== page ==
Accordingly, a user shopping at, for example, retailer's site 162 may access a web page or other portion of the site 162 corresponding to a particular product or category. User generated content 126 associated with that product or category may be displayed such that a user viewing a portion of the retailer's site associated with a particular product or category may have user generated content 126 associated with that product or category displayed to him. This user generated content, may, for example, have been generated at the retailer's site 162, through the manufacturer's site 132 or at another site. Thus, the display of this user generated content to the user while he is shopping, may, in turn, motivate the user to make a purchase through retailer's site 162.

Both the user generated content and a content generation tool may be provided in conjunction with one another on the retailer's site 162. Specifically, in one embodiment, the content from content distribution system 120 and a content generation tool may be incorporated into a portion of a web page of retailer's site 162 using an iframe or div tag (or another type of HTML element or tag, or another type of mechanism). This mechanism works in conjunction with a software module associated with content distribution system 120 (which may be implemented using JavaScript or other forms of computer readable instructions) included on the web page or at the retailer's site 162. The software module may make calls back to the incorporation module 158 on content distribution system 120 to incorporate the desired content for that page along with a content generation tool.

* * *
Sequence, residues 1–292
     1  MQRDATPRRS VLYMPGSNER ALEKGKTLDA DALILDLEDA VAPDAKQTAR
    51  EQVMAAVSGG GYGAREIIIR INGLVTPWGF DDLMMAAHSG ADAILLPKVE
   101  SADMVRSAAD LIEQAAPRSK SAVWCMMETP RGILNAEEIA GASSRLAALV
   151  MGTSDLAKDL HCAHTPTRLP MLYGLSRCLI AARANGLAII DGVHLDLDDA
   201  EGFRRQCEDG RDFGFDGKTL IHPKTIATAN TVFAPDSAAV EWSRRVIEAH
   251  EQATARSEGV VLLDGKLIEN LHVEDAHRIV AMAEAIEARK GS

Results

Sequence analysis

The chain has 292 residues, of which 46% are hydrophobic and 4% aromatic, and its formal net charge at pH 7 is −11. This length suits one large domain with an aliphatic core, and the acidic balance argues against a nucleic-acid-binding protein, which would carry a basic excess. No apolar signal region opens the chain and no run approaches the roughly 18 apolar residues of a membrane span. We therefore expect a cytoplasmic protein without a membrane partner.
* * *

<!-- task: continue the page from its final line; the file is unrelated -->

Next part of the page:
More particularly, in one embodiment, when a web page is loaded at retailer's site 162 the HTML, for the page may load, followed by a loading of the iframe (which may be hidden), div, table, or other mechanism which is used to incorporate content from the content provider system 120. The software module provided by the content distribution system 120 may also load at this time to access incorporation module 158 to obtain data (e.g. reviews, stories, etc., as discussed above) for inclusion in the web page in conjunction with the mechanism (div, HTML or other element) for display of the provided content.